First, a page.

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N2 - Objective: To describe and illustrate 2 issues involved in the development of an item bank that can be used to improve measurement across settings and over time. Design: Secondary (psychometric) analysis of data collected on existing quality of life (QOL) instruments. Setting: Five cancer clinics in hospital settings in various parts of the United States; 523 solo or group practices in 3 major US cities; and an inpatient rehabilitation hospital in a large metropolitan area. Participants: Illustration 1: 399 persons being treated for or having a history of cancer, 170 persons being treated for human immunodeficiency virus (HIV), 328 persons with stroke assessed during and after acute rehabilitation, and 433 persons being treated for multiple sclerosis. Illustration 2: 1714 persons with cancer and/or HIV participating in a large-scale multisite study, 3429 persons with prevalent treatable chronic health conditions, and 125 persons with stage IV metastatic breast cancer. Interventions: Not applicable. Main Outcomes Measures: QOL as measured by 10 different instruments. Results: The illustrations show that (1) core items, which functioned similarly across 4 diagnostic groups, can be identified and used to construct instruments measuring physical function that are tailored to each of these groups, and (2) items from 3 separate datasets can be linked to create a dataset that can serve as an initial pain item bank. Conclusion: The methodology exists to develop item banks to develop better measures of QOL.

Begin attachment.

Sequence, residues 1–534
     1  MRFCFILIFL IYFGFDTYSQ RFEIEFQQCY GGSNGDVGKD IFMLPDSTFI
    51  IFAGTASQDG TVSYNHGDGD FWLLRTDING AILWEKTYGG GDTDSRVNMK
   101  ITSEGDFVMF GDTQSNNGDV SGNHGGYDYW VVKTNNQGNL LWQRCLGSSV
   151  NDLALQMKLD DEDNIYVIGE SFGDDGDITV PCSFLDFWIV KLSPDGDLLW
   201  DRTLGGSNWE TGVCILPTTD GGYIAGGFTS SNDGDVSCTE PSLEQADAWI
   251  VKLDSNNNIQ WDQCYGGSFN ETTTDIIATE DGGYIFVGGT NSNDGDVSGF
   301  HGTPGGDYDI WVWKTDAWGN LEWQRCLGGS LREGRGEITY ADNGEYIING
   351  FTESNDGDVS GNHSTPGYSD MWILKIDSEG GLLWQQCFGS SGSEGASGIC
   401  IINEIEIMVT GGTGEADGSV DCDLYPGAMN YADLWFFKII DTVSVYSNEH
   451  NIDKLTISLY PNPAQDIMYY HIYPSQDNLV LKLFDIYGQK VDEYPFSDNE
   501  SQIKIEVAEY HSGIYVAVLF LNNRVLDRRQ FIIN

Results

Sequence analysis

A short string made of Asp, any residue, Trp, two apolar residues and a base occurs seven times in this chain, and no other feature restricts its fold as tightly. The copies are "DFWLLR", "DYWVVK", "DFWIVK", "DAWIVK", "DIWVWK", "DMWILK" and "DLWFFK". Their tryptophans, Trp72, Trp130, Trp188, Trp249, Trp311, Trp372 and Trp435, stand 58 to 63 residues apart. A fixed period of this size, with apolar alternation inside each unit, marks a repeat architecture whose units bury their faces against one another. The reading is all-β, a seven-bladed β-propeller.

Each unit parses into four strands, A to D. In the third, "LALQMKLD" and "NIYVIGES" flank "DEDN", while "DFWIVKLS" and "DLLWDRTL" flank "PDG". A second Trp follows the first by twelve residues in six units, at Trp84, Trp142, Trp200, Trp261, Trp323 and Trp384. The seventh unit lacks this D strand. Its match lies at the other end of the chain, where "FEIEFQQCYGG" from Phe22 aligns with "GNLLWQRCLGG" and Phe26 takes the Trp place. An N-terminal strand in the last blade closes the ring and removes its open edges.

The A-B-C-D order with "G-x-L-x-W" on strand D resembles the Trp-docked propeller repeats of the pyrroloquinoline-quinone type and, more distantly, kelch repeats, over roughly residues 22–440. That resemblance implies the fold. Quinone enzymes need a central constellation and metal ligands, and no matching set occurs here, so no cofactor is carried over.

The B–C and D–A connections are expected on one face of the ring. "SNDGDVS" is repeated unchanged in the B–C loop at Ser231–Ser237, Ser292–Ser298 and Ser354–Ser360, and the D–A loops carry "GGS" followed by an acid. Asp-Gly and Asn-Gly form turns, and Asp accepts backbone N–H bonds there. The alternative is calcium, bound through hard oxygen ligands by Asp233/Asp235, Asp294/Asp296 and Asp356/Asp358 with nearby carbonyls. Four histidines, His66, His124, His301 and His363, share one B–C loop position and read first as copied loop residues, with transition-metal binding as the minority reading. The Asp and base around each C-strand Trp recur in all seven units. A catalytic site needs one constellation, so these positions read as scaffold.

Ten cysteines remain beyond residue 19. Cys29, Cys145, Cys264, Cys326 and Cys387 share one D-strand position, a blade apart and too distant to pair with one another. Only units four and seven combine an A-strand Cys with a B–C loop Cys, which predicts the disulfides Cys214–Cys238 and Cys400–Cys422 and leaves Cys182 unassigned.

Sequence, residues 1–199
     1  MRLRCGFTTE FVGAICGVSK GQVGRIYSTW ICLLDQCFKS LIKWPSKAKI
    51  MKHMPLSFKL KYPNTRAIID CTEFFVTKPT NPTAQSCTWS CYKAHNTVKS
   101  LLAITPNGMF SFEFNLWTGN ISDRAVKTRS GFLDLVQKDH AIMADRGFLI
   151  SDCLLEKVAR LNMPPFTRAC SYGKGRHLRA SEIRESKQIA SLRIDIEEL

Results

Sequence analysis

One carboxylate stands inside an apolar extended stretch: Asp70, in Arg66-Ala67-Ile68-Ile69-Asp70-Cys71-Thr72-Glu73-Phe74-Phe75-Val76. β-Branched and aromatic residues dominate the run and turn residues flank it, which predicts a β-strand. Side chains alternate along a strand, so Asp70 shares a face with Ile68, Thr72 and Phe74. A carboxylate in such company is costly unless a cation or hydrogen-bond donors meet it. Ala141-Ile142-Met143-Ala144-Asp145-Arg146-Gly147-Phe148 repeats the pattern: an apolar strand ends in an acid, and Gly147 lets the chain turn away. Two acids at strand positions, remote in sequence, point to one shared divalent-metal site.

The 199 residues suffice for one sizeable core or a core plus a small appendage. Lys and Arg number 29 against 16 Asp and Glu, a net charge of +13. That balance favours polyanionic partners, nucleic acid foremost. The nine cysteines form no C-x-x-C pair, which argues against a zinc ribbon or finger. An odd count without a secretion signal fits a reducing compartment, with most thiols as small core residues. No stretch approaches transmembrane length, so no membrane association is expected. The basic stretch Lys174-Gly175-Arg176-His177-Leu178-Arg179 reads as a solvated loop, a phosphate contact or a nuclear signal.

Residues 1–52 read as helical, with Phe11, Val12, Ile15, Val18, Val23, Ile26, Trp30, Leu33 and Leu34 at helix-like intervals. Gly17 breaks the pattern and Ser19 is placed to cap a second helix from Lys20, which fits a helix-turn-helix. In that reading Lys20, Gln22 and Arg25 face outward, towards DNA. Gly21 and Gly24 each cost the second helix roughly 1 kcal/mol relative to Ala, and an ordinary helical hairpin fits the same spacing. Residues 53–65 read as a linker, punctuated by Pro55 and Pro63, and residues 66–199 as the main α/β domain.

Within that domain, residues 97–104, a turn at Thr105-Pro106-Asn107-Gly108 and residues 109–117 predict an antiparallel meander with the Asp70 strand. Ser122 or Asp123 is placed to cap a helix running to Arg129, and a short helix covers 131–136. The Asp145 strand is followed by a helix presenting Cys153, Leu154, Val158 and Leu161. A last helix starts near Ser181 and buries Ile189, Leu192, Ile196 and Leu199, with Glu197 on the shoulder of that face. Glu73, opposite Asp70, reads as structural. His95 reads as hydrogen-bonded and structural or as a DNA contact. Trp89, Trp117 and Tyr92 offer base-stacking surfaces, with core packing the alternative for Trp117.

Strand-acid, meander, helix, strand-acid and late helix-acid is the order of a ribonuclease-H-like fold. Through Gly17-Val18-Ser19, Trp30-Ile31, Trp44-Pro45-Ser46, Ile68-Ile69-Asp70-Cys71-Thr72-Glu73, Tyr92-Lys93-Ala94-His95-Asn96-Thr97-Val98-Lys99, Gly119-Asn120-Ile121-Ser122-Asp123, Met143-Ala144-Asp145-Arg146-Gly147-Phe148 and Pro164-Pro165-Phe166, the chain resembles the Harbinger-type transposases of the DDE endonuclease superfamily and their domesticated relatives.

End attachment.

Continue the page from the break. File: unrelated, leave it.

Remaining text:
AB - Objective: To describe and illustrate 2 issues involved in the development of an item bank that can be used to improve measurement across settings and over time. Design: Secondary (psychometric) analysis of data collected on existing quality of life (QOL) instruments. Setting: Five cancer clinics in hospital settings in various parts of the United States; 523 solo or group practices in 3 major US cities; and an inpatient rehabilitation hospital in a large metropolitan area. Participants: Illustration 1: 399 persons being treated for or having a history of cancer, 170 persons being treated for human immunodeficiency virus (HIV), 328 persons with stroke assessed during and after acute rehabilitation, and 433 persons being treated for multiple sclerosis. Illustration 2: 1714 persons with cancer and/or HIV participating in a large-scale multisite study, 3429 persons with prevalent treatable chronic health conditions, and 125 persons with stage IV metastatic breast cancer. Interventions: Not applicable. Main Outcomes Measures: QOL as measured by 10 different instruments. Results: The illustrations show that (1) core items, which functioned similarly across 4 diagnostic groups, can be identified and used to construct instruments measuring physical function that are tailored to each of these groups, and (2) items from 3 separate datasets can be linked to create a dataset that can serve as an initial pain item bank. Conclusion: The methodology exists to develop item banks to develop better measures of QOL.